How cancer journey inspired woman to help others


Carole Njagih
Carole Njagih

When most people are diagnosed with cancer, they see it as a death sentence and although they seek treatment they have little hope for recovery or living a normal life afterwards.

This was the situation Ms Carole Njagih found herself in in 2002 after she was diagnosed with breast cancer.

With no job and a young son to take care of, Carole sought the help of relatives and friends who later turned their backs on her when faced with the massive financial burden that comes with the disease.

She was taken in by an uncle who lived in Rongai during her treatment but he was killed in a road accident while she was still undergoing treatment.

She later sought help from a friend who lived in a spacious house in Upperhill but her friend kicked her out after she found her son had been brought to live with them in the house as he underwent treatment for severe malaria.

With a sick child who needed hourly injections and battling the crippling side effects of chemotherapy, Carole sought shelter at her cousin’s one-bedroom apartment in Kawangware where he lived with his wife, son and house help.

Here they had to sleep on the floor.

The cost of treatment was sometimes a burden too heavy for her to carry.

“One time I walked to the hospital and did not have enough money so I asked for a waiver from one of the consultant doctors but he threw away my papers.”

“I looked at him with my eyes filled with tears and sorrow as I bent down to pick the paper. Another consultant who had watched the whole episode called me and signed the waiver – that was the beginning of my road to healing and a sense of belonging,” she said.

Carole’s experience fighting cancer and the challenges she was faced with as she tried to access treatment coupled with the financial burden that came with the disease inspired her to help others going through the same ordeal.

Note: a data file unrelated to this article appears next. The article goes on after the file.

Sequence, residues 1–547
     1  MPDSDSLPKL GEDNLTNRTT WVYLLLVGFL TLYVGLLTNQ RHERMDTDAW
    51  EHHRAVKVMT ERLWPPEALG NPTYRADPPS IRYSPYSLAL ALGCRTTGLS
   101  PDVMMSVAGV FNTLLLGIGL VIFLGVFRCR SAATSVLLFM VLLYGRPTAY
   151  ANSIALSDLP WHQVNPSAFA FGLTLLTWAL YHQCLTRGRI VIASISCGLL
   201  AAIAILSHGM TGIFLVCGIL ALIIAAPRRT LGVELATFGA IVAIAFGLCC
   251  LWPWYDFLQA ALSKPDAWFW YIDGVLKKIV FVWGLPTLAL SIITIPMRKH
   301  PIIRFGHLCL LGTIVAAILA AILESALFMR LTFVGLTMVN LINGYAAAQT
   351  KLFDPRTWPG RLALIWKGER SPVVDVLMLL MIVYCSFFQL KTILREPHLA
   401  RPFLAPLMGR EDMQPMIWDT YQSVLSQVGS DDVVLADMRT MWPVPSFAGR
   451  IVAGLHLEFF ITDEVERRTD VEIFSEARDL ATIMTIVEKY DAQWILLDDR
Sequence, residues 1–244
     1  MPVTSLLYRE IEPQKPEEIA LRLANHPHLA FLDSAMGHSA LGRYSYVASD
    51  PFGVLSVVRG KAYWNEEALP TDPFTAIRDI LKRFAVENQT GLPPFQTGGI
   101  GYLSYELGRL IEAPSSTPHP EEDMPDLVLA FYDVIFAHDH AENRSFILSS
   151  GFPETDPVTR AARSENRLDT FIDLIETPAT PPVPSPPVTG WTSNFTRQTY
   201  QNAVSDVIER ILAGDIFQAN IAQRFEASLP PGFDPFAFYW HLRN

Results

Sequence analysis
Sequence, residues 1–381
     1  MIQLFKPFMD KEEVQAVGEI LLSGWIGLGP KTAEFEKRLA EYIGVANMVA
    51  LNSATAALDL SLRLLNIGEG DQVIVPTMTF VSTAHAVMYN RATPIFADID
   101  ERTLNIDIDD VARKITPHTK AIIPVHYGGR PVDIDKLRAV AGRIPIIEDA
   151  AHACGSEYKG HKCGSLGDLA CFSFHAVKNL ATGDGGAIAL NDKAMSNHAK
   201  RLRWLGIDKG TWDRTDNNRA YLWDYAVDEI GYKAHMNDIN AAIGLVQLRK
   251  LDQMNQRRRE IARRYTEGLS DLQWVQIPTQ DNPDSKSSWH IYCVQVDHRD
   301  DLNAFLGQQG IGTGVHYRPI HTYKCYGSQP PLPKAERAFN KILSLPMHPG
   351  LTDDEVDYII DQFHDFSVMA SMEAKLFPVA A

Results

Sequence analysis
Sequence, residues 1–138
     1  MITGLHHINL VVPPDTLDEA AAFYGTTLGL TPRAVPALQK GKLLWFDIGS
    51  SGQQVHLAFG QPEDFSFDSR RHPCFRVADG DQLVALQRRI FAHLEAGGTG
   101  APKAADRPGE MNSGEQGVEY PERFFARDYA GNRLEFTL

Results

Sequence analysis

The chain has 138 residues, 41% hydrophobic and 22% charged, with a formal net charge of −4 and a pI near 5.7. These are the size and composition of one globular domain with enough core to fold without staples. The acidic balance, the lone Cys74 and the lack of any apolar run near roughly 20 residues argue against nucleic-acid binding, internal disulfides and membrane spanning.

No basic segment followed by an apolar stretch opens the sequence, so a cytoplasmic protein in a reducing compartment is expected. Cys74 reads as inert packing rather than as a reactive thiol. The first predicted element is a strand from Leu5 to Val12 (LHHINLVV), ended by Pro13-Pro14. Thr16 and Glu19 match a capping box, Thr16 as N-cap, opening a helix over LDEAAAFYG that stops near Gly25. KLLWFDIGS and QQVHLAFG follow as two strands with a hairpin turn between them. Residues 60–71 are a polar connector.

In 2008 she applied for registration of an NGO, Oasis of Life Organisation, to help sensitise people on cancer and promote cancer advocacy.

The registration came through in 2010 with the certificate being released in 2012, the same year she was celebrating 10 years since diagnosis.

10 & 5 LIFE RACE

Carole organised a 10km cancer awareness walk in 2012, and with a team of volunteer medical doctors, clinical officers and nurses set up a free medical camp for breast cancer screening and blood donation.

“The effect on society was great and the board agreed to make it an annual cancer awareness event under the flag name 10&5 Life Race,” she said.

The event is held every November, which is the month she was diagnosed with cancer.

In 2013, the event was re-branded to 10 & 5 Life Race, which covers 10 km and 5 km road races and added more activities including cervical screening and HIV Testing and counselling.

“A year later, we added other features including screening for prostrate cancer and dissemination of information on different cancers,” said Carole.

“This year we are hoping to have chlyotherapy (freezing of cancer cells for any cervical case detected) on the spot to stop further spread of the cancer in the body,” she added.

The Oasis of Life Organization partners with other NGO’s like Population Services Kenya and corporate entities, notably Royal Media Services, Brookside, Kenya Power, Embu College, and Kangaru School in its programmes.

This year the event will be held on November 7th at Kangaru School in Embu and will feature a 10km and 5 km road race and expanded fields for screening of cervical cancer.

“I wish to thank God and all those who have played a role in my being alive today. I call upon each one of us to stand and be a source of hope for another person,” she said.

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